Exercises

12.14 |
If the field |

## Contiguous Representation of Multidimensional Arrays |

Part I: Object-Oriented Programming

Encapsulation

Polymorphism

Inheritance

- Inheritance
- Extending a Class
- The Object Class
- Packages and Access Levels
- Summary
- Vocabulary
- Problems
- Projects

Part II: Linear Structures

Stacks and Queues

- Stacks and Queues
- The Stack Interface
- The Call Stack
- Exceptions
- The Queue Interface
- Summary
- Vocabulary
- Problems
- Projects

Array-Based Structures

- Array-Based Structures
- Shrinking and Stretching Arrays
- Implementing Stacks and Queues
- The List Interface
- Iterators
- The Java Collections Framework: A First Look
- Summary
- Vocabulary
- Problems
- Projects

Linked Structures

- Linked Structures
- List Nodes
- Stacks and Queues
- The LinkedList Class
- The Java Collections Framework Revisited
- Summary
- Vocabulary
- Problems
- Projects

Part III: Algorithms

Analysis of Algorithms

- Analysis of Algorithms
- Timing
- Asymptotic Notation
- Counting Steps
- Best, Worst, and Average Case
- Amortized Analysis
- Summary
- Vocabulary
- Problems
- Projects

Searching and Sorting

- Searching and Sorting
- Linear Search
- Binary Search
- Insertion Sort
- The Comparable Interface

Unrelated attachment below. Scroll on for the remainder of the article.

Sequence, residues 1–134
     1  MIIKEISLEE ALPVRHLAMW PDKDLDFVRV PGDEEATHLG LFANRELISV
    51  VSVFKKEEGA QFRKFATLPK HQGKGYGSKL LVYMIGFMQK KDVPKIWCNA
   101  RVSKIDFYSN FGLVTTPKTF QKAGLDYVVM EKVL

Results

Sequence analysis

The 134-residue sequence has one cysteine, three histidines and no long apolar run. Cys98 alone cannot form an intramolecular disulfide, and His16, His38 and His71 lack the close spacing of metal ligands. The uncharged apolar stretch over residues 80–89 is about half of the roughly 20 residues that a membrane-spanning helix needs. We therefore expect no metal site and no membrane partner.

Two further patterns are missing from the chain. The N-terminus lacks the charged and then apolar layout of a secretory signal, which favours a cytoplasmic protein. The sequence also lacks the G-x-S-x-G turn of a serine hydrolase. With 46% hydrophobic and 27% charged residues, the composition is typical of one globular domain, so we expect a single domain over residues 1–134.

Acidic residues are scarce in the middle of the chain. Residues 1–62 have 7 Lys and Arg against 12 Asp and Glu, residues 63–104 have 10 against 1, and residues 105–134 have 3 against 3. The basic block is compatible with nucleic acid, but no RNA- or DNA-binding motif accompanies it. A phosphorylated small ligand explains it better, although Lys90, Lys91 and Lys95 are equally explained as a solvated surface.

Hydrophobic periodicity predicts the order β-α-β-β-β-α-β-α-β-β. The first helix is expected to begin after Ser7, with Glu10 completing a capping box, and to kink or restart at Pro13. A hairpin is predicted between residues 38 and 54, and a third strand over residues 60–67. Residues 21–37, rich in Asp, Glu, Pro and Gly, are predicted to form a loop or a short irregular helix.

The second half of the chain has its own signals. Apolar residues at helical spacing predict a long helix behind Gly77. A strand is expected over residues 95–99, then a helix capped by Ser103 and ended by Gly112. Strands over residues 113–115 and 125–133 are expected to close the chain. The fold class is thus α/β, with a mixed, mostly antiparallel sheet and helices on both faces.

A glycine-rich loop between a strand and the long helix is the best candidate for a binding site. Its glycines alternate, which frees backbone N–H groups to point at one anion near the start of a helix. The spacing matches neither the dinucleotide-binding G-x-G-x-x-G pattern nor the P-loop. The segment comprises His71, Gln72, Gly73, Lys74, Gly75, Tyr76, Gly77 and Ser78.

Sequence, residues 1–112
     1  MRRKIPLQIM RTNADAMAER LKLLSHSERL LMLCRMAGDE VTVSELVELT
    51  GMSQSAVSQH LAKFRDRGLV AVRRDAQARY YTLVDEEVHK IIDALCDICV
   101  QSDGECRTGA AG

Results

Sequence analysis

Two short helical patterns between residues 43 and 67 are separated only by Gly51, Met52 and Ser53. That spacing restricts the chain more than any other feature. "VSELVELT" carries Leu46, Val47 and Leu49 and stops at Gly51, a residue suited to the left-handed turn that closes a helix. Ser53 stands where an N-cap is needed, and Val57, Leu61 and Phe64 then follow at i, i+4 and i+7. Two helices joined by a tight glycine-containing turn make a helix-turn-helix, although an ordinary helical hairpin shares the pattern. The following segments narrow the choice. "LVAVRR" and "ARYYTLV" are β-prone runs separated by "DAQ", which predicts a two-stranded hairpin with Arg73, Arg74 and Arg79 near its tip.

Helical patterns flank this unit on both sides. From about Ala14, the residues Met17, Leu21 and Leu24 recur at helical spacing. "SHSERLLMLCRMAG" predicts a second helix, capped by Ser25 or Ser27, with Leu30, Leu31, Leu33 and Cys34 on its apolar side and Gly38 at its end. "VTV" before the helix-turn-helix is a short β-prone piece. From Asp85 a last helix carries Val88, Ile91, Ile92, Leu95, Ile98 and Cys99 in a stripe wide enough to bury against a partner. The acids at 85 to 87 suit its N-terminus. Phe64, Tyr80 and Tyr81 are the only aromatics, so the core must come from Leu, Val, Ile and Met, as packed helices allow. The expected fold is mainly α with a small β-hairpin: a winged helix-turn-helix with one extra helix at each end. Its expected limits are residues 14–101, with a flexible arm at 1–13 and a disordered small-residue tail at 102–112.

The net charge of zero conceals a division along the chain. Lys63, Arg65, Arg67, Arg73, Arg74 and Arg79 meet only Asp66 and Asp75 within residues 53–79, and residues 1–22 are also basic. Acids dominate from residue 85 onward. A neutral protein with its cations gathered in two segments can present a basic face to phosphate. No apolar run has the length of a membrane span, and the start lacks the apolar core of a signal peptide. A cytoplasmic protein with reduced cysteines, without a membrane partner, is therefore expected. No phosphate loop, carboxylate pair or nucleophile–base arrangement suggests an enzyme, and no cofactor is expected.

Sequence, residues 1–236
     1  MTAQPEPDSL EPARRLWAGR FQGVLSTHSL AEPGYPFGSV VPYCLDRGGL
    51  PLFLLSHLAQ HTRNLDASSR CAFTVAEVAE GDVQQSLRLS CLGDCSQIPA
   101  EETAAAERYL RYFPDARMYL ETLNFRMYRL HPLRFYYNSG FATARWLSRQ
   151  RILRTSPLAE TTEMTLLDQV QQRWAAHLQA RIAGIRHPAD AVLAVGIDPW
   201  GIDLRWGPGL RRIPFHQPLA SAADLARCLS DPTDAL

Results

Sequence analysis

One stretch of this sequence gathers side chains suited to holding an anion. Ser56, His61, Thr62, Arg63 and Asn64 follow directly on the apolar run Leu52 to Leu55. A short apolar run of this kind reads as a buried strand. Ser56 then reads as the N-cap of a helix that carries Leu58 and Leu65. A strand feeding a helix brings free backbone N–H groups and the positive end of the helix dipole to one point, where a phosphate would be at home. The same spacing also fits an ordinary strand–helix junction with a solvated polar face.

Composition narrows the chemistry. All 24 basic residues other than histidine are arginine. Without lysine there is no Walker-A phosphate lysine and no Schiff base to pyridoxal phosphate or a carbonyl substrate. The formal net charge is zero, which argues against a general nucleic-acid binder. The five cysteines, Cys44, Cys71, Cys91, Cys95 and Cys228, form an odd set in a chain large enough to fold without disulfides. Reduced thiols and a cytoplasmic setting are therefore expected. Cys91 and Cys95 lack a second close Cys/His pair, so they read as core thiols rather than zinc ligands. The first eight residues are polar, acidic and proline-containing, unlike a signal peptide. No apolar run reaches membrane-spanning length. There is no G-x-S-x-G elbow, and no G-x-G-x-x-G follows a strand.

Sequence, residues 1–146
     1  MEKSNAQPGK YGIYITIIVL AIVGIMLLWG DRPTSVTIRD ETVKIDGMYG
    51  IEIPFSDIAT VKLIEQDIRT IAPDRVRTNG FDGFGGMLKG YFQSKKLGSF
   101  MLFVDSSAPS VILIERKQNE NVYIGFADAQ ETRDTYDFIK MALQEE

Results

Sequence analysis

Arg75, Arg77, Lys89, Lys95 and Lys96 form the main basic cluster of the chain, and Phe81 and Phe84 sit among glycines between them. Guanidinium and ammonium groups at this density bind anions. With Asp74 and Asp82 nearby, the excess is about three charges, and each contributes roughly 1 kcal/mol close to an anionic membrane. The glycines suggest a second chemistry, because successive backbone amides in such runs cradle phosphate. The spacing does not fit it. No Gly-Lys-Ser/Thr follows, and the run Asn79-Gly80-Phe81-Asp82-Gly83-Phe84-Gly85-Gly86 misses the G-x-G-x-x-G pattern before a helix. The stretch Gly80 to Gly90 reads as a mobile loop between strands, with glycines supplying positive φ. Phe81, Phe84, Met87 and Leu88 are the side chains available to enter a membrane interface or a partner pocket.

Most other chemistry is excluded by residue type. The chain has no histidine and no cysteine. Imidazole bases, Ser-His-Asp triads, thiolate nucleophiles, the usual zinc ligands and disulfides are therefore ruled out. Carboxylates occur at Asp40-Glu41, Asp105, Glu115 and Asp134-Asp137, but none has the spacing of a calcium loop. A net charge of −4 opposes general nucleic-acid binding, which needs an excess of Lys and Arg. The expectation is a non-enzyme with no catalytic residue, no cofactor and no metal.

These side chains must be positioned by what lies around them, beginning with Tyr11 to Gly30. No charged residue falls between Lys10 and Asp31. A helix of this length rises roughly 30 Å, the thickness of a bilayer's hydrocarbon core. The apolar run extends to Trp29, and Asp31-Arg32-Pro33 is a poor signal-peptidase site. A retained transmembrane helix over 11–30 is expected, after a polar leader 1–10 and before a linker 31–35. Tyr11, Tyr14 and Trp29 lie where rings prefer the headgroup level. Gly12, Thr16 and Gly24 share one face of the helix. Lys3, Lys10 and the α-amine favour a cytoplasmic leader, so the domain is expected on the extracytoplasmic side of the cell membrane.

- Sorting Linked Lists
- Summary
- Vocabulary
- Problems
- Projects

Recursion

- Recursion
- Thinking Recursively
- Analyzing Recursive Algorithms
- Merge Sort
- Quicksort
- Avoiding Recursion
- Summary
- Vocabulary
- Problems
- Projects

Part IV: Trees and Sets

Trees

Sets

- Sets
- The Set Interface
- Ordered Lists
- Binary Search Trees
- Hash Tables
- The Java Collections Framework Again
- Summary
- Vocabulary
- Problems
- Projects

Part V: Advanced Topics

Advanced Linear Structures

- Advanced Linear Structures
- Bit Vectors
- Sparse Arrays
- Contiguous Representation of Multidimensional Arrays
- Advanced Searching and Sorting
- Summary
- Vocabulary
- Problems
- Projects

Strings

Advanced Trees

- Advanced Trees
- Heaps
- Disjoint Set Clusters
- Digital Search Trees
- Red-Black Trees
- Summary
- Vocabulary
- Problems
- Projects

Graphs

- Graphs
- Terminology
- Representation
- Graph Traversal
- Topological Sorting
- Shortest Paths
- Minimum Spanning Trees
- Summary
- Vocabulary
- Problems
- Projects

Memory Management

Out to the Disk

- Out to the Disk
- Interacting with Files
- Compression
- External Sorting
- B-Trees
- Summary
- Vocabulary
- Problems
- Projects

Part VI: Appendices

A. Review of Java

- A. Review of Java
- A.1. The First Program
- A.2. Variables and Types
- A.3. Loops
- A.4. Interacting with the User
- A.5. Branching
- A.6. Methods and Breaking Out
- A.7. Constants
- A.8. Operators
- A.9. Debugging
- A.10. Coding Conventions

B. Unified Modeling Language

C. Summation Formulae

- C. Summation Formulae
- C.1. Sum Notation
- C.2. Sum of Constants
- C.3. Sum of First n Integers
- C.4. Sums of Halves and Doubles
- C.5. Upper Limit on Sum of a Function
- C.6. Constant Factors

D. Further Reading

Index

Data Structures and Algorithms in Java

ISBN: 0131469142

EAN: 2147483647

EAN: 2147483647

Year: 2004

Pages: 216

Pages: 216

Authors: Peter Drake